Monday Review: THE DARK DAYS CLUB by Alison Goodman

Summary: Calling all Regency period enthusiasts! Historical fantasy fans! Fans of books like A Dark and Terrible Beauty, the Stoker and Holmes books, anything by Robin LaFevers—I know those aren’t Regency period, but you will definitely want to check out the latest novel by Alison Goodman, the author of Eon (reviewed here) and Eona (reviewed here). It’s called The Dark Days Club (the title itself is pretty awesome, right?) and it pairs a lushly depicted 1812 London with a heroine coming into her own: as a Reclaimer, a person with the ability to see and fight dark beings hidden amongst the people, feeding off their energy. These Deceivers, as they are called, number in the thousands, but there are only a handful of Reclaimers in all of England.

And it turns out Lady Helen Wrexhall is one of them. A very powerful one, as it turns out.

Peaks: Part of the joy of this book is seeing the society and culture, so vividly portrayed, unfold before the reader’s eyes. Admittedly, this is not necessarily to every reader’s taste, but anyone with a passing acquaintance with historical fantasy will appreciate the level of detail the author included, while still writing a quite fast-paced plot that kept me turning the pages. I don’t want to give too much away about this one because the intrigue and developing suspense are so good, but the revelation of the paranormal aspect—Helen’s gradually appearing powers, the darkly enigmatic Lord Carlston, the ever-increasing danger to herself and her household—was deftly combined with the more down-to-earth elements of plot and setting, like Helen’s presentation to the Queen and the expectation of impending marriage to a man of some quality.

Certainly Helen joining a secret society to fight evil does not fall into her Aunt and Uncle’s plan for her, as her constantly hovering guardians; they are determined that she not follow in her mother’s disgraceful footsteps, and rather be married quickly and settle down like a respectable young lady. Because of the nature of society at the time, there are some very intriguing, thought-provoking themes here having to do with women and empowerment, as Helen quite literally comes into her own powers and yet still must navigate the world she lives in, where young women are essentially property until they come of age, and then they tend to marry and become somebody else’s property. The decisions she must make about who she is—those give this story quite a lot of depth.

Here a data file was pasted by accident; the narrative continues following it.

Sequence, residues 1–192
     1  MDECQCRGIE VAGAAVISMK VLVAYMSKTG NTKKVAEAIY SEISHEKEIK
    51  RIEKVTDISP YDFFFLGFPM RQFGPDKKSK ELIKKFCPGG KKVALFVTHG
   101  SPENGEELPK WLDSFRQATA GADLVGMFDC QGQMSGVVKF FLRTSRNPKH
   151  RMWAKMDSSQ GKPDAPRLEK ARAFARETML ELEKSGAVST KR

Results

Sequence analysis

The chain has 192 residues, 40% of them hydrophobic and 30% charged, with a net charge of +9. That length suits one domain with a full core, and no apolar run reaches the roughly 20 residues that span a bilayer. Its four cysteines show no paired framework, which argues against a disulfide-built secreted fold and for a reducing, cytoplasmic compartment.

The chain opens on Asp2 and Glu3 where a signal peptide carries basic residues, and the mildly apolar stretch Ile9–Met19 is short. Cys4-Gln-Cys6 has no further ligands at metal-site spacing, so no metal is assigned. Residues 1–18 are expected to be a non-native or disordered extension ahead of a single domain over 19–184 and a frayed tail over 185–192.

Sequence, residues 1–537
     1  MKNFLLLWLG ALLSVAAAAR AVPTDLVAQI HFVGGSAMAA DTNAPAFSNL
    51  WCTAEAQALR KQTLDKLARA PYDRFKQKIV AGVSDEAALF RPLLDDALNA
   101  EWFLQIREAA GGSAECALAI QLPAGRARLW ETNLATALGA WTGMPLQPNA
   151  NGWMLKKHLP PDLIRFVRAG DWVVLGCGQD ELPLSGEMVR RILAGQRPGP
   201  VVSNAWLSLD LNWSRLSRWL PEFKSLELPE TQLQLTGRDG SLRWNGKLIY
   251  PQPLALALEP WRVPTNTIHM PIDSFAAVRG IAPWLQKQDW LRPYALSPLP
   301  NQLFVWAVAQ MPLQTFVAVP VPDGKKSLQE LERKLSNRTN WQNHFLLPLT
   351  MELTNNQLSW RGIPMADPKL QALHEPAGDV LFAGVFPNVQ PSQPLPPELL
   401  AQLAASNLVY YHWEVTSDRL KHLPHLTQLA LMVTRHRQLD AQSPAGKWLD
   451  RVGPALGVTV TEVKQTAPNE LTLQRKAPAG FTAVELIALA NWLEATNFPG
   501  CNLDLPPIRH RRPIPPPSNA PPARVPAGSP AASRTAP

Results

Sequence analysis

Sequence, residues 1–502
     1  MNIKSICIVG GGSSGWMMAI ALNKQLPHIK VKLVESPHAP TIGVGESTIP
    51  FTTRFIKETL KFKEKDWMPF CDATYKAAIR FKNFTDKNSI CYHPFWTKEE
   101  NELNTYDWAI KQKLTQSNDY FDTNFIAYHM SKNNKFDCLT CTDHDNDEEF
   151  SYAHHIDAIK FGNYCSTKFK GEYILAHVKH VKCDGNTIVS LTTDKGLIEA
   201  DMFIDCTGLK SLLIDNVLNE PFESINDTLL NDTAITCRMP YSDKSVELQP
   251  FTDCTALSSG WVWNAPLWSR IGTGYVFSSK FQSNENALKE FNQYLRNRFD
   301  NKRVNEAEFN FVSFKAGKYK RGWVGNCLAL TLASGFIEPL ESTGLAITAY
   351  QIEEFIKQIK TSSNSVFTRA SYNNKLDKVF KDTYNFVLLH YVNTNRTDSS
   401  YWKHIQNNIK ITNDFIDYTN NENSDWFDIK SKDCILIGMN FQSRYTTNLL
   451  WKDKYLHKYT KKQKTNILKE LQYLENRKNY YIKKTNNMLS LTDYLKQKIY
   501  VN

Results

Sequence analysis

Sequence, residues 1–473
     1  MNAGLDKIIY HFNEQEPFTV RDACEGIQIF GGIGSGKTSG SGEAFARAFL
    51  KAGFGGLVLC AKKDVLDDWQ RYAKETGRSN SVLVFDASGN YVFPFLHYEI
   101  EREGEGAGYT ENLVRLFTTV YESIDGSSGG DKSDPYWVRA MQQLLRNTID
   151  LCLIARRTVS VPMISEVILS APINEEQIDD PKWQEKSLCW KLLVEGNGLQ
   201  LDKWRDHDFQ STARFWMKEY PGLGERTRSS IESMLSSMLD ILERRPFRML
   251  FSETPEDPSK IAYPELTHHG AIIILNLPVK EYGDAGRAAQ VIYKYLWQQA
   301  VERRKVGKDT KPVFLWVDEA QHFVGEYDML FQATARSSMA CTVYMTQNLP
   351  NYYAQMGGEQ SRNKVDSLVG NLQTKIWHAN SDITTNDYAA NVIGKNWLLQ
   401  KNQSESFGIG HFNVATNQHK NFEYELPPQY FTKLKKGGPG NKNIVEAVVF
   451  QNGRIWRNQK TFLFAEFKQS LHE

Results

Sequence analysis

Valleys: For those who want instant action, this might take a while to get moving. The paranormal element doesn’t really kick in right away, and Helen’s Regency world could seem tiresome if the historical aspect isn’t your thing. But that’s really a matter of taste.

Conclusion: I picked this one up kind of at random, in the sense that I didn’t know the author had a new book out—and I’m so glad I did. Where I felt a little distance from the narrator in Eon and Eona, I did not feel that way with this book. I had trouble putting it down, which honestly made for a very enjoyable weekend. Except for the “to be continued” part—because, yes, dears, this is a Book 1. Yay, but also AARGGGHHH because waiting will be difficult.

I received my copy of this book courtesy of my library’s ebook collection. You can find THE DARK DAYS CLUB by Alison Goodman at an online e-tailer, or at a real life, independent bookstore near you!

About the author

Sarah Jamila Stevenson is a writer, artist, editor, graphic designer, proofreader, and localization QA tester, so she wears a teetering pile of hats. On any given day, she is very tired. She is the author of the middle grade graphic novel Alexis vs. Summer Vacation, and three YA novels, including the award-winning The Latte Rebellion.


  1. Gail, I suspect that's exactly what's happening here. I'd recommend it for those who like Regency romances. I never did get into that genre myself, for whatever reason…But I do like a good period piece, done well.

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